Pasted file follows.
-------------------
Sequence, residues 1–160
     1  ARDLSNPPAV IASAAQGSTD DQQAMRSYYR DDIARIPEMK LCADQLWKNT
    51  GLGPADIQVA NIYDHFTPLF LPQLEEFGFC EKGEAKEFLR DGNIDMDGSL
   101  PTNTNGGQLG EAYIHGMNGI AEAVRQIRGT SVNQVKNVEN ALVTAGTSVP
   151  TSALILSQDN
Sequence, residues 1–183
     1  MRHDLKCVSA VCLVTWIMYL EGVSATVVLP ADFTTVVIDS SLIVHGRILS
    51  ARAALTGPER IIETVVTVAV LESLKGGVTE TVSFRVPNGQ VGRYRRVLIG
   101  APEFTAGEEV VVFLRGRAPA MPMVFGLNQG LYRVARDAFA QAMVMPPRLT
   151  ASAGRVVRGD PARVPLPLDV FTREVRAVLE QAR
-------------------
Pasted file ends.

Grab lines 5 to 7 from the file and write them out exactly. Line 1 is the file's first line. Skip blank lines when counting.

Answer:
   151  TSALILSQDN
Sequence, residues 1–183
     1  MRHDLKCVSA VCLVTWIMYL EGVSATVVLP ADFTTVVIDS SLIVHGRILS